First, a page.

来自台湾的动画《奈可》,剧中女主角是一个住在小猫身上的城市守护者。她会解决任何危害到这只小猫的害虫,借此传达宠物健康防疫观念,并推广饲主定期为家猫做驱虫防疫的工作。此件作品尝试用笔触的线条呈现艺术风格表现,极具特色,甫获2017金点概念设计奖标章肯定。《奈可》制作团队由曾品乔、蔡孟书、柳育琪、许子甫、王玮凡及林颢庭组成。他们皆毕业于南台科技大学,成员专业各有所长,如原画设计、场景、美术、后制、剪辑等。在未来,他们期望各自在不同专业继续精进、一同成长,做出有趣的动画。下面,我们和这部动画的导演曾品乔进行了一次采访,内容有关团队合作的挑战以及美日动画的差异。

Neocha: What was the motivation behind the original story?

Zeng Pin-Ciao: In the beginning, I was inspired because I was spending a lot of time with cats. I lived with a cat for around six months, and unfortunately, the cat fell ill. Afterwards, I began learning about the variety of parasites that can affect a cat, as well as how to prevent it. In the end, I decided to use the concepts of health and disease prevention as the starting point to remind people of the unremitting love and devotion that we promise our pets.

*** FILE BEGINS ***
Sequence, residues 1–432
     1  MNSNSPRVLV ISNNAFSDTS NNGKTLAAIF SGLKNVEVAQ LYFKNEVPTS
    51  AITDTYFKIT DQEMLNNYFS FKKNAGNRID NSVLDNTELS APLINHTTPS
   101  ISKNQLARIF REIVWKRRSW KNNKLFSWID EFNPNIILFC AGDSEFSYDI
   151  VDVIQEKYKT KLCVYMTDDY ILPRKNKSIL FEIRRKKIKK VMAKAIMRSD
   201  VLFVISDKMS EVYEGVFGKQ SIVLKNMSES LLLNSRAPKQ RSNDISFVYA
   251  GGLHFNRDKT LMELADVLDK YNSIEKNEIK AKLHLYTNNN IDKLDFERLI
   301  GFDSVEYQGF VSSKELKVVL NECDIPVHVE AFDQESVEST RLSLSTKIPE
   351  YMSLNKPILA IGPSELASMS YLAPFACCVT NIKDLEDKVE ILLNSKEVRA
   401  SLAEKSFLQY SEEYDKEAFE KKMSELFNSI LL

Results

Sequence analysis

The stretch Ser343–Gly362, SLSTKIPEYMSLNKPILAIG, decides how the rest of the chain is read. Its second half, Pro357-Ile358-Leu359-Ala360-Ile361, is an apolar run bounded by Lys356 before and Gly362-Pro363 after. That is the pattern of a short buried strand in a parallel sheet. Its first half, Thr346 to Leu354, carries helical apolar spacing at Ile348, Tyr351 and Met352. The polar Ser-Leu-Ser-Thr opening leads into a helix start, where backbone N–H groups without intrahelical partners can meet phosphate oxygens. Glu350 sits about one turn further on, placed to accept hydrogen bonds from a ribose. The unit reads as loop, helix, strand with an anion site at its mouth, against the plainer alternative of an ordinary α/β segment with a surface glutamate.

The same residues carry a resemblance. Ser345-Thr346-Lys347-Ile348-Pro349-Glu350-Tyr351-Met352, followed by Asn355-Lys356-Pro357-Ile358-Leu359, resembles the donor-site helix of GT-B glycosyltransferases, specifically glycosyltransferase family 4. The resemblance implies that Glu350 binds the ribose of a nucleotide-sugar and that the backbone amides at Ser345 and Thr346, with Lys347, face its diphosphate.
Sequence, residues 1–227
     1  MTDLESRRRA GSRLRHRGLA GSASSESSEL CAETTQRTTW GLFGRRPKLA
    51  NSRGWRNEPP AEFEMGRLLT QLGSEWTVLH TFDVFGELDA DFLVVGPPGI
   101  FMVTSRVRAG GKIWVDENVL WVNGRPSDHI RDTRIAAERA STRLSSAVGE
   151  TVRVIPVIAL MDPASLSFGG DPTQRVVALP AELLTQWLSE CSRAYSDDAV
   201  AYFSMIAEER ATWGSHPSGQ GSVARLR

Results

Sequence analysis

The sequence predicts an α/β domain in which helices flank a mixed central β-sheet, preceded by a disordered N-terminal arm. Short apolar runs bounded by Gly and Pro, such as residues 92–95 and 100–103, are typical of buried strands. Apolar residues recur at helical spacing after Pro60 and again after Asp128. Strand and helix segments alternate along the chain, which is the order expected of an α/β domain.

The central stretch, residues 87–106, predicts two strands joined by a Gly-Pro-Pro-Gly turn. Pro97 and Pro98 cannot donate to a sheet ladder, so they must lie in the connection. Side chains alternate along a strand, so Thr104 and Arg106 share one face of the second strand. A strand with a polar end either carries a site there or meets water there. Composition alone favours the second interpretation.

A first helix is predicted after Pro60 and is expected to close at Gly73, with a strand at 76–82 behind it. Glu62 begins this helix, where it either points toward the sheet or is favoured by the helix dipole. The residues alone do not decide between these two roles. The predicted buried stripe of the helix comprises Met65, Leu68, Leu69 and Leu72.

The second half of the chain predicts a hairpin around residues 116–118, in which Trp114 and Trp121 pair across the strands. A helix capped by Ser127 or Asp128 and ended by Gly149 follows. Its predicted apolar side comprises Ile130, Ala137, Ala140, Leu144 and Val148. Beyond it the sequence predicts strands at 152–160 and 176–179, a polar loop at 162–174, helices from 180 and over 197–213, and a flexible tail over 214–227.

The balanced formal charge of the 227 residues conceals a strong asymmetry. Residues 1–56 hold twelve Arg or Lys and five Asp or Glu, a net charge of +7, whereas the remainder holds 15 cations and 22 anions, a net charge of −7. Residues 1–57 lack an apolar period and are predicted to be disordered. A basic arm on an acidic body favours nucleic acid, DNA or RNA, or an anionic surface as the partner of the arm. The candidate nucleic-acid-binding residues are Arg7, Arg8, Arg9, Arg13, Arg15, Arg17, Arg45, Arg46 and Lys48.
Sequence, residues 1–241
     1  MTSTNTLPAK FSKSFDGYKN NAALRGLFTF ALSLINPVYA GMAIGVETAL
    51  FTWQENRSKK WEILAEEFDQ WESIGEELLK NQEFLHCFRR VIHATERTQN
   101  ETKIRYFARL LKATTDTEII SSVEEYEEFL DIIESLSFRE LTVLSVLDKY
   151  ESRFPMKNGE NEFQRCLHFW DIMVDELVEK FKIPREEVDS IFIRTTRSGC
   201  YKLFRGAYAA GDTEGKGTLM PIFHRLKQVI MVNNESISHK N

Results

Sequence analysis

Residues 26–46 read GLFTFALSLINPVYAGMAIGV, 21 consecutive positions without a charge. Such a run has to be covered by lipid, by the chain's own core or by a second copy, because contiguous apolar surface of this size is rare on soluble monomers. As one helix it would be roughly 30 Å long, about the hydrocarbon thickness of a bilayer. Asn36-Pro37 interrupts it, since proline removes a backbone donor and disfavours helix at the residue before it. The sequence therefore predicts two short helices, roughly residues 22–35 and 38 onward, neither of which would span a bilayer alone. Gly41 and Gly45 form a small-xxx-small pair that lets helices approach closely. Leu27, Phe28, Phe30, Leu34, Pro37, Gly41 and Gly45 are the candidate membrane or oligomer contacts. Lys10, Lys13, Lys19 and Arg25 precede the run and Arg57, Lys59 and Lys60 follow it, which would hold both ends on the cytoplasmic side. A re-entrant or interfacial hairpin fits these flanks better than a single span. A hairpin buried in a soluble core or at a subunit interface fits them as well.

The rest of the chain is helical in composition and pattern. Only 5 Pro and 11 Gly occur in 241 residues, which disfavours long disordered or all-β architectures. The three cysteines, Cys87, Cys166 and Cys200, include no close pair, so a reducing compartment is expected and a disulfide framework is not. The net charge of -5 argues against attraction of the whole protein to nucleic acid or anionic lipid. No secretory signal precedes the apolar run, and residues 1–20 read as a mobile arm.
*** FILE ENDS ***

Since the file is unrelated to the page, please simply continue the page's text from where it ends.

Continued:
Neocha: 当初创造故事的动机是什么?

曾品乔: 最初主要是因为我和猫咪有了长时间接触,才萌生的念头。当时我和家里的猫咪生活了半年,但猫咪不幸生病了。随后我就了解相关的知识,像是寄生虫与除虫等,最后我决定以宠物健康防疫观念作为出发点,提醒大家不时的要想起当初养宠物的决心,爱护与照顾必须是要持之以恒的。

Neocha: How long did it take to finish the animation? What difficulties did you encounter?

Zeng Pin-Ciao: It took eight months to finish the short film. In the beginning, the challenge was to bond as a team and figure out how all of our technical skills could fit together since we were all individual artists. This was my first time doing Japanese-style animation and many aspects were fresh, new, and challenging. It took one-and-a-half months to complete just one-minute of animation. The total length of the final animation is longer than four minutes. The biggest challenge was getting the composition right because adjusting it at a later point would mean that the whole scene would have to be redrawn. As a director, it’s important to be decisive, otherwise it affects the mood of the entire team.